SecureX serverless relay modules?… Right. What?!
Yes! SecureX serverless relay modules integrate third-party systems into SecureX. This tool enables SecureX Threat Response to observe, deliberate, refer, and respond to observables from third-party solutions. What does this all mean? Read on, You’ll find out in this blog post. And you can learn more, and ask questions, at our upcoming webinar on April 13th.
You can even do a guided workshop of the new DevNet learning module. It will teach you how to integrate the not-yet-integrated!
Why third-party integrations?
For most, I won’t have to explain why it is of great importance to integrate as many sources of information as possible into a security platform like SecureX. It is very important nowadays to stay up to date with all of the cyber threats that are posing all over the world. It is widely known that there are not enough resources to be found to fill up every Security Operation Center (SOC).
Therefore, many organizations struggle with coping with the massive amount of new types of attacks and generated alerts from their tooling. This is where SecureX, and integrations with SecureX come in to play: now your incident responders can levarage a single tool, SecureX, to respond to potential threats. This saves time, and also many errors.
So, how do I integrate third party systems into SecureX?
There are a couple of ways to do this. First, let me explain a little bit about Cisco Threat Intelligence Model (CTIM).
Cisco Threat Intelligence Model (CTIM)
For SecureX, CTIM is the data model – an abstract model that organizes data and defines data relationships. CTIM is of utmost importance for SecureX because it provides a common representation of threat information, regardless of whether its source is Cisco or a third party. Think of each of these processes as part of a data refining pipeline. The data refining pipeline gathers raw data, such as information about how computer software behaves in a variety of contexts. It then progressively refines that data by decomposing and structuring it, enriching it by placing it in context with data from other origins, with its own varying levels of refinement. Refining it in this way enables us to isolate the parts of the data that we can use for informed decisions. The end result is what we call actionable intelligence. This is what SecureX offers to its users to act quickly and without errors.
Cisco Threat Intelligence Model (CTIM)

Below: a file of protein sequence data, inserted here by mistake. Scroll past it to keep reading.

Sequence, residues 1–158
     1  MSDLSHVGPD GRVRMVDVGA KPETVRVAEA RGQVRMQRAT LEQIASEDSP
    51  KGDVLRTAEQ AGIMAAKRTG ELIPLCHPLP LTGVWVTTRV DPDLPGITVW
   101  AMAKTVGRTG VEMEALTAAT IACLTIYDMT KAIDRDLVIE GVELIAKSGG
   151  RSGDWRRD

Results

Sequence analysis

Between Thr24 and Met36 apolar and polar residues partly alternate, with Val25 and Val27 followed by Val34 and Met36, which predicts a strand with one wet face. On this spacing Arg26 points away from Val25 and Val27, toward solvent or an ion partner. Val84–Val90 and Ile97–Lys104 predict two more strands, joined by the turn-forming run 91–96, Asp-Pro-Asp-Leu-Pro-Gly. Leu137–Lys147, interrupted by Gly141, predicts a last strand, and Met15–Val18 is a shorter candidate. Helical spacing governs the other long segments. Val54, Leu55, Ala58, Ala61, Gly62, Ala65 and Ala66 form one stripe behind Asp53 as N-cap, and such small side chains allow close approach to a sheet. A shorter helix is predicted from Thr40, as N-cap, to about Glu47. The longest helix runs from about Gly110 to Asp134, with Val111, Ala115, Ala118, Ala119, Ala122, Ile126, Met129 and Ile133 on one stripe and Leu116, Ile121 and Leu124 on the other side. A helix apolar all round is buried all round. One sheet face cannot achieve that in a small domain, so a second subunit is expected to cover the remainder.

Now back to the integration methods. There are basically three methods:
- Pre-built third-party integrations (created and maintained by Cisco);
- API based integrations (simple integrations that only perform a single task);
- Custom serverless relay module integrations.
Custom serverless relay module integrations
The serverless relay can be deployed anywhere: on the application, on bare metal server, on VM, or in cloud-based systems such as AWS Lambda, Azure Functions, or Google Cloud Functions. In the earlier mentioned DevNet learning module, we will deploy the serverless relay module in AWS. The function of this relay is to translate between CTIM and whatever the third-party solution “speaks.” This makes it possible for a third-party solution to insert valuable data into SecureX, which can be leveraged to create actionable intelligence. Also, SecureX is able to give certain response actions back to that third-party solution for remediation.
New DevNet learning lab
We will talk more about the SecureX serverless relay modules learning lab, and how it will help you learn this yourself, at the April 13th webinar. For now, know that when you complete the learning labs, you will have learned:
- What the SecureX serverless relay is and how it works
- An overview of SecureX and Threat Response
- A reference architecture of the serverless relay infrastructure and its components
- The Cisco Threat Intelligence Model (CTIM)
- What CTIM is and how it is used
- All the CTIM components and their relationships
- Interacting with CTIM using SecureX Threat Response, Swagger API explorer, and Python
- Application Programming Interfaces
- What APIs are and how we use them in the serverless relay
- HTTP Request Methods and Request Items
- Building applications using Python Flask
- Building APIs using routes and functions
- Building custom third-party relay modules
- How to deploy the serverless relay Module template
- Modifying the Python Flask application to interact with third-party solutions
- Creating and managing JSON Web Tokens (JWT) for authentication
- Running the relay module on your laptop to test your integration
- Integrating the relay module into SecureX
- Deployment of the serverless relay into AWS
- Setting up AWS with appropriate policies, roles, and users
- Installing needed libraries and dependencies to build and apply your application
- Uploading the serverless relay to AWS using Zappa
- Configuring the SecureX Integration Module
- Testing the serverless relay using Postman and SecureX Threat Response
There are also several Cisco Live 2021 sessions that talk about this (e.g. DLBLDR-11, BRKSEC-2005, BRKDEV-2010 and HOLSEC-3003).
A big thank you to Brennan Buchard, Ed McNicholas, Håkan Nohre, Ian Gyte, Oxana Sannikova, and Patrick Cardot for creating this awesome content together!
We’d love to hear what you think. Ask a question or leave a comment below.
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